A struggle for power can often be the limiting factor on the harmony of a relationship. A healthy relationship usually does not involve this power struggle, as both people want a mutual sharing of the responsibilities and powers. Sadly, in the novel Ethan Frome, this is not the case, and Ethan’s wife Zeena is the dominant figure in the house, with her husband Ethan rarely having a say on any matters significant or otherwise. This is especially significant because it directly correlates to the way in which the characters act and the actions that they choose to make. Due to the fact that Ethan is powerless and scared to take any initiative that might be to his wife’s displeasure, he is inevitably stuck in a shallow and unfulfilling life. Additionally, as Zeena realizes that she may do or say whatever she pleases without reprimand, she does so, often being rude and chastising Mattie without just cause. It is especially ironic how much power Zeena has considering her self-proclaimed sickly state. Mattie too is stuck powerless, because Ethan will not stand up for her, and she is obligated to except whatever meanness Zeena brings upon her, because Zeena took her in when she had nowhere else to go.
One example of Zeena’s power is her constant obstinance. She often employs deceitful tactics and is extremely indirect in order to get her way. For instance, when Zeena is going up to bed, she wants Ethan to come along, and even though he does not want to, she convinces him by saying, “At this time o’ night? You’ll ketch your death. The fire’s out long ago” (34). Ethan, not willing to argue, assents and follows her up the stairs.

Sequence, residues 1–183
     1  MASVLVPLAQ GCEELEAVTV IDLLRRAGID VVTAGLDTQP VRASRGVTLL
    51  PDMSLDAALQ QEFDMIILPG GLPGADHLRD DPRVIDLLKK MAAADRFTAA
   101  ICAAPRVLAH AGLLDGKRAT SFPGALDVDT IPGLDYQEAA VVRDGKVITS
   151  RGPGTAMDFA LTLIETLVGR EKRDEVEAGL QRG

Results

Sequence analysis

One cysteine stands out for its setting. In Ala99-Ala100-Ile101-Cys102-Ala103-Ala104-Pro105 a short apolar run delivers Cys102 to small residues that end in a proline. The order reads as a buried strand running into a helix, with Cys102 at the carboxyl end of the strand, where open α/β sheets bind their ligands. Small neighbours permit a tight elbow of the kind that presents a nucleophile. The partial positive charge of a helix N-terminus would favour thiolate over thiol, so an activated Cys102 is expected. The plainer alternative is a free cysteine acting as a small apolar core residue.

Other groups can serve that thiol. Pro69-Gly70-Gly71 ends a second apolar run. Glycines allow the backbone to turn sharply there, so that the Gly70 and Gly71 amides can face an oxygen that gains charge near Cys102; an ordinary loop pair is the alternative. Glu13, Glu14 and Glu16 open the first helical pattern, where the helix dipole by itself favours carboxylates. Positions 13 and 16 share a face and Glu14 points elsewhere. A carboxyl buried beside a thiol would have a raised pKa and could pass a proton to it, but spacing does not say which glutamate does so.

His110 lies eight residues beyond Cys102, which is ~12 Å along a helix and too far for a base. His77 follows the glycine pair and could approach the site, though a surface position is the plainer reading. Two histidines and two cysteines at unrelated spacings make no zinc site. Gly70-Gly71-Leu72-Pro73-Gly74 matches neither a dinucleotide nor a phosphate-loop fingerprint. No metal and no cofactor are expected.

Another showing of her power is her ridiculous spending of money on remedies to cure sicknesses that she does not really have. Although “her husband had grown to dread these expeditions because of their cost” (38), Ethan has never stood up to her and told her to stop wasting his money or informed her that she is not really sick. He does not do this because he knows that if he tried to, she would argue the point relentlessly until she has talked herself into being right.
Mattie is aware of Zeena’s power over her as well. This can be seen in the way that she is always apologetic when her skills are lacking and in the way that she is always offering to help. I do not believe she offers help to be nice, but to try her best to get into Zeena’s favor. When Mattie breaks the pickle dish, she becomes hysterical, terrified at the idea of what Zeena will say or do. This is made clear in the parallelism of Mattie’s diction: “Oh, Ethan, Ethan-it’s all to pieces! … Oh, you’ll never get another … Oh, Ethan, Ethan, what in the world shall I do? … Oh, Ethan, what are you going to do?” (49).
There is one instance in the novel where Ethan finally stands up to Zeena and does what he wants to do. This is when he fights her on the idea of taking Mattie to the train station. When Zeena makes up her excuse of “I wanted you should stay here and fix up that stove in Mattie’s room afore the girl gets here,” Ethan indignantly retorts, “If it was good enough for Mattie I guess it’s good enough for the hired girl” (81). When Zeena tells him the girl is used to a house with a stove, he spits back, “She’d better ha’ stayed there then.”
All in all, power in the novel is owned and operated solely by Zeena and most of the actions (or lack of action) of Ethan and Mattie are direct results of her oppressing power. As I just mentioned, there was one instance where there is a power shift and Ethan decides he is going to see Mattie off. Ironically, by him standing firm on this decision, it leads to his plummeting down the hill into the big elm, and all three of them living out their miserable lives in solemn togetherness.